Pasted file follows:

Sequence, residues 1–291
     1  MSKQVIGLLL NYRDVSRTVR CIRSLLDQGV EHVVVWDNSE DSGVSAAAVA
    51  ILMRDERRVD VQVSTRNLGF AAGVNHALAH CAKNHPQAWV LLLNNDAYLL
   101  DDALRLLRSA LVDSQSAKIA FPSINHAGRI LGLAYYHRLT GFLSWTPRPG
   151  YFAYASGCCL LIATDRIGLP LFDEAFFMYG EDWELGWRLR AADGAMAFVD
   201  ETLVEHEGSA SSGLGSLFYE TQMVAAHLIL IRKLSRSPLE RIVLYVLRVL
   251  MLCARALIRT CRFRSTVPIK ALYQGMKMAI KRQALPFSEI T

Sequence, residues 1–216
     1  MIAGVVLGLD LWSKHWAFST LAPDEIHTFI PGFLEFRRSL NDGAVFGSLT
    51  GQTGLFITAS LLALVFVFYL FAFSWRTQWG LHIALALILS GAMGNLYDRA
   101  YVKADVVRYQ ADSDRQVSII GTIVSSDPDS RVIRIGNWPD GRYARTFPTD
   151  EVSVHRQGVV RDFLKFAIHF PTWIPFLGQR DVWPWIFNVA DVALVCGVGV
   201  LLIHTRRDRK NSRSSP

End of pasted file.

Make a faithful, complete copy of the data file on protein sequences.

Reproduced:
Sequence, residues 1–291
     1  MSKQVIGLLL NYRDVSRTVR CIRSLLDQGV EHVVVWDNSE DSGVSAAAVA
    51  ILMRDERRVD VQVSTRNLGF AAGVNHALAH CAKNHPQAWV LLLNNDAYLL
   101  DDALRLLRSA LVDSQSAKIA FPSINHAGRI LGLAYYHRLT GFLSWTPRPG
   151  YFAYASGCCL LIATDRIGLP LFDEAFFMYG EDWELGWRLR AADGAMAFVD
   201  ETLVEHEGSA SSGLGSLFYE TQMVAAHLIL IRKLSRSPLE RIVLYVLRVL
   251  MLCARALIRT CRFRSTVPIK ALYQGMKMAI KRQALPFSEI T

Sequence, residues 1–216
     1  MIAGVVLGLD LWSKHWAFST LAPDEIHTFI PGFLEFRRSL NDGAVFGSLT
    51  GQTGLFITAS LLALVFVFYL FAFSWRTQWG LHIALALILS GAMGNLYDRA
   101  YVKADVVRYQ ADSDRQVSII GTIVSSDPDS RVIRIGNWPD GRYARTFPTD
   151  EVSVHRQGVV RDFLKFAIHF PTWIPFLGQR DVWPWIFNVA DVALVCGVGV
   201  LLIHTRRDRK NSRSSP